The Reserve at Paradisus (Punta Cana) – Part I
Weird, at our favorite pool bar, the only beer they served either on tab or in the can was Presidente beer, brewed in the Dominican Republic. Even if you have a taste for an imported beer to quench your thirst, Presidente had to be the one. However, if you’re looking for liquor besides the locally made, your selection was quite good. You had the choice between bottles of Johnny Walker Red, Jim Beam Bourbon, Stolichnaya Vodka, Dewar’s Whiskey, or Grey Goose Vodka to name a few. What a juxtaposition between the local beer selection and fine whisky and spirits? It feels rather counterintuitive.
Later in the week, I wanted to kayak just outside the buoys while my wife practiced some sea swimming in the same area. Unfortunately, the man who was responsible for tending to the Scuba Quatic area was gone so I approached another man nearby. He called him on the phone and said he’d be back in about 10 minutes…Ok wait for a kayak for safety reasons even though I used one dozens of times. The 10 minutes went by and he said another 10 minutes, he had to rescue a catamaran that someone left near the beach. After about 25 minutes of waiting, he finally arrived. He didn’t apologize, asked me to get in the kayak and gave me one push. Boy was I glad I waited almost a half hour for safety reasons. Is that something I should have added to The Reserves at Paradisus survey after my vacation was through?
As we gathered and got comfortable on the beach on the first day, it didn’t take long before we saw plenty of men and women, but mostly men, attempting to see items to the beach goers. Selling bracelets, beach bags, cover-ups, cigars, rugs, tattoos, hair braids, do they not about Amazon? Do they not know how much junk and stuff we already have?
They were going back and forth on the beach although it did not take long before we realize they stayed in an area between the water and the first row of launch chairs. We later found out that they are only licensed to sell to the first row of beach visitors.
Towards the end of our visit, they became a little more of an annoyance but I still showed respect by saying, “No gracias.” It’s a tough gig as they are turned down often, but they persist and if you watch them long enough, they have some success. Otherwise, they’d realize they’re wasting their time as no sales would occur. It’s just a numbers game, like telemarketers knowing after the 40th or 60th call, you may get success. It also reminds me of the panhandlers on Michigan Ave. in Chicago, you see dozens of people just ignore them or turn them down and you wonder what motivates them to continue. They must have success, otherwise, it’s contrary to human nature to do something without any financial or material reward.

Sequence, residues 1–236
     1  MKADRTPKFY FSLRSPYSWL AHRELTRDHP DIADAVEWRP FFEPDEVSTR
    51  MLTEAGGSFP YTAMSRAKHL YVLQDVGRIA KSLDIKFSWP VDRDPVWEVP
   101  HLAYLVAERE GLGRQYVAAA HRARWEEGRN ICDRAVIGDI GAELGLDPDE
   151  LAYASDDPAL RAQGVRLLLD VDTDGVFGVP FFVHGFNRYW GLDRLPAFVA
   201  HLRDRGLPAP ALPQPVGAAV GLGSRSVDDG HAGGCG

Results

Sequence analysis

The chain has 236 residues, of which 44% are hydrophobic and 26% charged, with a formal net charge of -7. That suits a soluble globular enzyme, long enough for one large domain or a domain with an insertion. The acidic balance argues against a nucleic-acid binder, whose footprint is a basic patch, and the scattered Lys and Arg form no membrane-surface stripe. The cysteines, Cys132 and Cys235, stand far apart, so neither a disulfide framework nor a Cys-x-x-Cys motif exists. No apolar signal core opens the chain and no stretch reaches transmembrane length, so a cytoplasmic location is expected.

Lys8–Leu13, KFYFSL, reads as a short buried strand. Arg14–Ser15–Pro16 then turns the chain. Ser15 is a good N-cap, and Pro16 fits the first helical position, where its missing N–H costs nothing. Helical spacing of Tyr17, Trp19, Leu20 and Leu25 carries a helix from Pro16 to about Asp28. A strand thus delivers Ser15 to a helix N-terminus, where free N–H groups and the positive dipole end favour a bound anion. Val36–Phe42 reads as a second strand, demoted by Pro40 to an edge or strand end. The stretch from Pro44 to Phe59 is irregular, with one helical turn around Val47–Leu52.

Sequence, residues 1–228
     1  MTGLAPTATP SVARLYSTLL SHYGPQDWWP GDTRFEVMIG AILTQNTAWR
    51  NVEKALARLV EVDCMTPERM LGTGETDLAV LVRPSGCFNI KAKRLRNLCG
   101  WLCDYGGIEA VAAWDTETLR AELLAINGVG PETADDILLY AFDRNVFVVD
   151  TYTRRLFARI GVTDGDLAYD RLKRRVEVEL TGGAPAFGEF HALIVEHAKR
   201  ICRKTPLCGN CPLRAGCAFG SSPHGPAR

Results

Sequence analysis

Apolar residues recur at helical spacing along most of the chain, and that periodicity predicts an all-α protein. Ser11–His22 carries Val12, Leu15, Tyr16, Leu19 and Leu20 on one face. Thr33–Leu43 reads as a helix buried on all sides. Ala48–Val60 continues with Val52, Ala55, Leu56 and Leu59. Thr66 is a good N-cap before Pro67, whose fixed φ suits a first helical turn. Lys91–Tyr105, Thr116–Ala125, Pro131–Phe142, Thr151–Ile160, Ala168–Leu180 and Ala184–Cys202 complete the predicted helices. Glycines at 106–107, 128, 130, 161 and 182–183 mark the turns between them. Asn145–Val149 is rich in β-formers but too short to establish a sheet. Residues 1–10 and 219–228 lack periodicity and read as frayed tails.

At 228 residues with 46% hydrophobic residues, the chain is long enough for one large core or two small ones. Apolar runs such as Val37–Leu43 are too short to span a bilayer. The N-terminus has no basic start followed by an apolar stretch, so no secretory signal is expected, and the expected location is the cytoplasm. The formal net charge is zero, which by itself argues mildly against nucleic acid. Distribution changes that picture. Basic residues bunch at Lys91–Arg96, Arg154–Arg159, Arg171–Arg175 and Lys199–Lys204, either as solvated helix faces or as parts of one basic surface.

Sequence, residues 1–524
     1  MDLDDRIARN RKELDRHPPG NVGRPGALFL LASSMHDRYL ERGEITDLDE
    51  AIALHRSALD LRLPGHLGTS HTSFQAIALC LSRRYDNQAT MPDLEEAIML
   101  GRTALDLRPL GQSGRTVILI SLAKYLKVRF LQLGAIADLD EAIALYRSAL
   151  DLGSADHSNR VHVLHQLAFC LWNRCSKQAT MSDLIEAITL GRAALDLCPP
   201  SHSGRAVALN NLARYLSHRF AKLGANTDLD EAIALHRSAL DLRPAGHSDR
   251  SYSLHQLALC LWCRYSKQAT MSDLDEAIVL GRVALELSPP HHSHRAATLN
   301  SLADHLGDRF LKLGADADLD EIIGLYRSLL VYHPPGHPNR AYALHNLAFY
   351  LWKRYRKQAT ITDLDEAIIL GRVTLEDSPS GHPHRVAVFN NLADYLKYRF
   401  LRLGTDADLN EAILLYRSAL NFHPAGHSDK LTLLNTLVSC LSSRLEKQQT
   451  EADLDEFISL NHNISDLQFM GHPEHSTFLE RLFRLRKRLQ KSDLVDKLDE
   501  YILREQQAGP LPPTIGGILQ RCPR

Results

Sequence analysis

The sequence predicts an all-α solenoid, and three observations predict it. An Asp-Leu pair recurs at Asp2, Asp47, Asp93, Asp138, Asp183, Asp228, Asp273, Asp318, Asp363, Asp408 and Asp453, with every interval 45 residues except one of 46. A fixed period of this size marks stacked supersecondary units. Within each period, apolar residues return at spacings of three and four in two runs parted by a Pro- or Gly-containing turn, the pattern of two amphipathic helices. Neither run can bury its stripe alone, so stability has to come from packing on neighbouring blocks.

One more thing about the beach, when we arrived, we were pale, without any tattoos and appeared to be from the conservative Midwest. Regardless, we had a number of vendors approach us on the beach asking us if we wanted a tattoo — no discrimination here. My wife and I looked at each other and laughed, knowing we’re not the target audience for such behavior. Anyway, I heard it was a temporary tattoo (would only last 2 weeks) but I wasn’t going to be the guinea pig. Besides, if it lasted 4 months, what would be my resources once I was back in the States.
The check-in area was nice with water, coffee, fresh fruit, and cookies. I enjoyed stopping in if I had a question or was looking for a quick refreshment. I did notice an area for relaxing and a thought occurred to me. Why not introduce a book exchange at the resort. You know, you bring a paperback or two with you and once finished, you might be looking for another novel or non-fiction to read during your last few days. Once you’re finished with a book, you could drop it off at the exchange whether or not you want another book. This book exchange could apply to magazines, newspapers, hardbound and softbound books. Perhaps title it this exchange area as the Information Exchange Lounge.